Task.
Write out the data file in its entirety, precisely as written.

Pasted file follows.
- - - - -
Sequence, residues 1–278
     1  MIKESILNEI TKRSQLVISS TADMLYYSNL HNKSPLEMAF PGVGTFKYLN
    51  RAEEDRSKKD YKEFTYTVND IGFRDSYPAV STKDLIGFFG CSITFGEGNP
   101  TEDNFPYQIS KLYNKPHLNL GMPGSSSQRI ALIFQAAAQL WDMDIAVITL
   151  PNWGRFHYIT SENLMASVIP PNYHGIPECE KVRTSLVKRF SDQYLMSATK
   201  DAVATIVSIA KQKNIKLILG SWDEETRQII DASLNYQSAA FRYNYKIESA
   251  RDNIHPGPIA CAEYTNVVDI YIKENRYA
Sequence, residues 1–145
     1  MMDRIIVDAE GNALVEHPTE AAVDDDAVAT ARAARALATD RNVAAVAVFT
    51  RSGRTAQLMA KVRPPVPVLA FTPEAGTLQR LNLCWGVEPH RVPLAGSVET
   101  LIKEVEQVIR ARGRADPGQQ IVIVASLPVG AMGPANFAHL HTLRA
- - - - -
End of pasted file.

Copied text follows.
Sequence, residues 1–278
     1  MIKESILNEI TKRSQLVISS TADMLYYSNL HNKSPLEMAF PGVGTFKYLN
    51  RAEEDRSKKD YKEFTYTVND IGFRDSYPAV STKDLIGFFG CSITFGEGNP
   101  TEDNFPYQIS KLYNKPHLNL GMPGSSSQRI ALIFQAAAQL WDMDIAVITL
   151  PNWGRFHYIT SENLMASVIP PNYHGIPECE KVRTSLVKRF SDQYLMSATK
   201  DAVATIVSIA KQKNIKLILG SWDEETRQII DASLNYQSAA FRYNYKIESA
   251  RDNIHPGPIA CAEYTNVVDI YIKENRYA
Sequence, residues 1–145
     1  MMDRIIVDAE GNALVEHPTE AAVDDDAVAT ARAARALATD RNVAAVAVFT
    51  RSGRTAQLMA KVRPPVPVLA FTPEAGTLQR LNLCWGVEPH RVPLAGSVET
   101  LIKEVEQVIR ARGRADPGQQ IVIVASLPVG AMGPANFAHL HTLRA